Sir Wyn gives determination on Post Office disclosure failings
Chair announces section 21 notices and further disclosure hearing
Sir Wyn Williams has announced today that all future Inquiry requests for evidence to the Post Office will carry a notice under Section 21 of the Inquiries Act 2005, which he said “carries a threat of a criminal sanction” (including a sentence of up to 51 weeks’ imprisonment).
The announcement follows an urgent disclosure hearing the Chair convened on Tuesday 11 July to address what he called “grossly unsatisfactory” disclosure failings by the Post Office.
After hearing submissions from legal representatives of former sub-postmasters, the Post Office and the National Federation of SubPostmasters, Sir Wyn decided to postpone hearing from witnesses due to give evidence in weeks commencing 10 and 17 July 2023, until relevant disclosure was complete. He writes: “I was clear in my mind that this represented the best way forward both in relation to evidence gathering but also, ultimately, in relation to the most efficacious use of the Inquiry’s time.”
Sir Wyn has also today issued further Directions to the Post Office, which state that he will hold a further disclosure hearing on 5 September 2023 at 10:00am. He said Post Office’s General Counsel, Ben Foat, will be required to attend to give further evidence and Sir Wyn will determine who, if anyone else, should give evidence after making further enquiries of the Post Office as to the identity of senior persons who are directly and substantially involved in the disclosure for Phase 4 of the Inquiry.
He also said it is probable that from now on he will treat the issue of disclosure as he has treated the issue of compensation, by holding regular discrete hearings. He anticipates disclosure hearings will be held at regular intervals throughout the remainder of the Inquiry.
In his determination, Sir Wyn says “I stress, of course, that holding such hearings should be unnecessary and they will, inevitably, impact upon the smooth running of the Inquiry, and will impact on the work of all Core Participants and the Inquiry team.”
He said the hearings have become necessary, because of the “significant failures in disclosure on the part of the Post Office”.
The Chair also noted that in oral submissions on behalf of former or current sub-postmasters, there was no attempt to disguise the view held by many that the Post Office disclosure failings are deliberate.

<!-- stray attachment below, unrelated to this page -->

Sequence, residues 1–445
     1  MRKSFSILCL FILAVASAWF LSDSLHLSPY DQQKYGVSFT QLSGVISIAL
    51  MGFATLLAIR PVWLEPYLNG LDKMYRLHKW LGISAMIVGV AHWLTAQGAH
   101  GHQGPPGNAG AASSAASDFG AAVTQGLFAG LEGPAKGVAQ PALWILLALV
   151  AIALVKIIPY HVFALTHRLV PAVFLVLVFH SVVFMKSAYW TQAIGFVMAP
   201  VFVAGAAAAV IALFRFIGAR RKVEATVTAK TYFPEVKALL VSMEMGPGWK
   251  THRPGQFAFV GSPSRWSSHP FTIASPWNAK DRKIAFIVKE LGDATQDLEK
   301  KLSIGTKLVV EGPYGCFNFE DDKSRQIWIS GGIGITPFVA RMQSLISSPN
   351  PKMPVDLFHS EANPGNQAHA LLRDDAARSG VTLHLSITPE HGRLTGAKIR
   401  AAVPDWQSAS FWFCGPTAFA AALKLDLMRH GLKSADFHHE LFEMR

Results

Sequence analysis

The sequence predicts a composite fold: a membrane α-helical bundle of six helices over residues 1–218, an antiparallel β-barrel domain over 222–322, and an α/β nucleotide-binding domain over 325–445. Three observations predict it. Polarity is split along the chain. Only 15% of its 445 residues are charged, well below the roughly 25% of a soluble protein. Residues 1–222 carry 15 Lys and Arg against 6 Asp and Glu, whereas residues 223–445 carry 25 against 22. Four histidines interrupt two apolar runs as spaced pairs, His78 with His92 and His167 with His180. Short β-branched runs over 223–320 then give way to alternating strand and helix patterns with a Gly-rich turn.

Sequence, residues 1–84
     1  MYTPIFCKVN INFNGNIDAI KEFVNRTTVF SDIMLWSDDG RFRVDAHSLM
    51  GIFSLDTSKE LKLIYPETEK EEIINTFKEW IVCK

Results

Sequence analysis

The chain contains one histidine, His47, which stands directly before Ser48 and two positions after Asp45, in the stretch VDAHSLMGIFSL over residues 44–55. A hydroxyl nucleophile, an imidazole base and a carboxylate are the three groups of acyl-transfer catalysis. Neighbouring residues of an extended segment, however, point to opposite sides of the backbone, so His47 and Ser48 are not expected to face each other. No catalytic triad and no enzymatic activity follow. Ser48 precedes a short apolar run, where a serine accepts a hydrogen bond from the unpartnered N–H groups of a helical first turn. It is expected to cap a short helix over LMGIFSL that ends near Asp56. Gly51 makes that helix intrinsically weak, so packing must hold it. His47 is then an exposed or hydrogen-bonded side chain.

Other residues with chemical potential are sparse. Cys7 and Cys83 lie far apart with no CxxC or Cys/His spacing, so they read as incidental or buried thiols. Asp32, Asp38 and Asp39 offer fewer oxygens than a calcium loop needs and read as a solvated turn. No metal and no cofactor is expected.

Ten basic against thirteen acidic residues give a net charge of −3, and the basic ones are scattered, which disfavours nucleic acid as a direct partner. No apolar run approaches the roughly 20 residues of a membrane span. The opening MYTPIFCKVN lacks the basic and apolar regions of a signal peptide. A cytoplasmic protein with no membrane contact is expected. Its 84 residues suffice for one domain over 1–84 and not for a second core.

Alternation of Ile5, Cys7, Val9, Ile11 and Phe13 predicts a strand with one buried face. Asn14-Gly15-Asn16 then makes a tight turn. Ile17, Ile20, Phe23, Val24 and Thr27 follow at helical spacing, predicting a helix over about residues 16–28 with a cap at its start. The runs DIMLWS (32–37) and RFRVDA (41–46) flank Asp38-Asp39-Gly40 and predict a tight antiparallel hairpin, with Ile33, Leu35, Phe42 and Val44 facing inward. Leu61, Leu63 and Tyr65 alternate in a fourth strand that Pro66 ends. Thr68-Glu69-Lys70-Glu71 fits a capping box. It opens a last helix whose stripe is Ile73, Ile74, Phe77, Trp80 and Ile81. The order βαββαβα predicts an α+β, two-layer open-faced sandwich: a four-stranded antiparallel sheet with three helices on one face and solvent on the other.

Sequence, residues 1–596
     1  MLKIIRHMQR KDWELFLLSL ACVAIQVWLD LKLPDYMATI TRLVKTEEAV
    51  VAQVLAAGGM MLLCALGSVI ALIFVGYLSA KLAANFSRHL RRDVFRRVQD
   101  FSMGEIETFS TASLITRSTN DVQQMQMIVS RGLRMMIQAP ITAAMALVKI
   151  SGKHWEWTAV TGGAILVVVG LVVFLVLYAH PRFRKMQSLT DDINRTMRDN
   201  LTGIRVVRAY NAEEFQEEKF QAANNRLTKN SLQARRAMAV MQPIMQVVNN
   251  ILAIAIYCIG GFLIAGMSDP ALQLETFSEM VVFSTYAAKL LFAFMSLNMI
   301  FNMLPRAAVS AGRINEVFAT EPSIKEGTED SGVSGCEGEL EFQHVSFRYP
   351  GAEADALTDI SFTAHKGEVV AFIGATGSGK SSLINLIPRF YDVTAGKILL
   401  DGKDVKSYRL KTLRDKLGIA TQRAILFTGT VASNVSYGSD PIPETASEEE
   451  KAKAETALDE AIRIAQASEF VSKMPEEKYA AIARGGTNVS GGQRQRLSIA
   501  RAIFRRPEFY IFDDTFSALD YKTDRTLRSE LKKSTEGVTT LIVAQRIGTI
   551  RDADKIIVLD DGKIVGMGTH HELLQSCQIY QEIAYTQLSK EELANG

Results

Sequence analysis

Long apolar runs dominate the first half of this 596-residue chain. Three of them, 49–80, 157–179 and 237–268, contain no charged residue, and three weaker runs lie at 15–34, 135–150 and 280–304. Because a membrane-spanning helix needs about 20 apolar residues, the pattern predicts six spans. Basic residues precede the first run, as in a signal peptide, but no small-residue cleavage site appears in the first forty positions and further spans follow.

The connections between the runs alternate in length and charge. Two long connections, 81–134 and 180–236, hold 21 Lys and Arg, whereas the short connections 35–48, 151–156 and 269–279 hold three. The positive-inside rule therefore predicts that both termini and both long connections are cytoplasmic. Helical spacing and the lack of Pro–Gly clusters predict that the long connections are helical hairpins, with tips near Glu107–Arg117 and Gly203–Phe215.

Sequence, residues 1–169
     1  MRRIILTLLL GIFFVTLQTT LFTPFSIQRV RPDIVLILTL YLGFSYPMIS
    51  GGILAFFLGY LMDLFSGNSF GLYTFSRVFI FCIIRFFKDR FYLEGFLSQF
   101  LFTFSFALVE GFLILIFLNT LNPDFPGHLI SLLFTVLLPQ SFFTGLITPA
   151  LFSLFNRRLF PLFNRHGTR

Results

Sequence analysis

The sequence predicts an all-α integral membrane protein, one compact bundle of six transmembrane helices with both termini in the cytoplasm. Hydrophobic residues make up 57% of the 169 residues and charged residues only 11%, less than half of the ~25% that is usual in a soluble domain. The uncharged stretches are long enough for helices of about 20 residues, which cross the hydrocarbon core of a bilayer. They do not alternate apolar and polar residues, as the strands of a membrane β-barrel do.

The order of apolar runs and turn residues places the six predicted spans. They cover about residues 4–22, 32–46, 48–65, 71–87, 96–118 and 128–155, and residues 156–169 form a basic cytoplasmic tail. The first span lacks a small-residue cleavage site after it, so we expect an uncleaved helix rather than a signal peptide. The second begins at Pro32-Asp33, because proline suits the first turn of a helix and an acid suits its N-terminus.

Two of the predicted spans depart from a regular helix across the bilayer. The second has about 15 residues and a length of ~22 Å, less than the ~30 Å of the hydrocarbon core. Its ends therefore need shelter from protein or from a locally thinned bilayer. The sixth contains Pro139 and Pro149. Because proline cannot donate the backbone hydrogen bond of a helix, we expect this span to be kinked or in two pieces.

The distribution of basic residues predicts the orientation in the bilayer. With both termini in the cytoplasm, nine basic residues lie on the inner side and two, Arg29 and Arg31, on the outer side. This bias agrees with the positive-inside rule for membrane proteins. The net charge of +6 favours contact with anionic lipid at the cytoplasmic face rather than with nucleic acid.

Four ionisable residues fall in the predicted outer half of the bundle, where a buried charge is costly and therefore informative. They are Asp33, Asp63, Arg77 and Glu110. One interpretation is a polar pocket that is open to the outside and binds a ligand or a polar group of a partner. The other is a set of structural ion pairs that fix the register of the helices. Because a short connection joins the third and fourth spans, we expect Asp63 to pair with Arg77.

He added “It does not surprise me that this is the attitude of many former sub-postmasters. After all, a failure to disclose crucial information about Horizon was a central finding leading to the quashing of criminal convictions in the Court of Appeal (Criminal Division) and the Crown Court and failures of disclosure in the litigation between Bates and others v Post Office Limited were highlighted by the Honourable Mr Justice Fraser in both his substantive judgments in that case (being Judgment (No.3) ‘Common Issues’ and Judgment (No. 6) ‘Horizon Issues’).”
While he said he is determined to be open minded and at this stage it is not possible to offer definitive views about how the process of disclosure had been managed, he said “It would be remiss of me to fail to guard against the possibility that there are those who are engaged in the process of disclosure of documents on behalf of the Post Office who are unwilling or unable to comply strictly with requests for disclosure of documents made of them by the Inquiry and/or are unwilling to ensure strict compliance with requests under rule 9 of the Inquiry Rules 2006 and/or s21 Inquiries Act 2005.”
Read Sir Wyn’s full determination and Directions here.
The Inquiry will be resuming on 26 July 2023 to hear evidence in respect of its first in-depth look at action taken against a subpostmaster by the Post Office. View the timetable.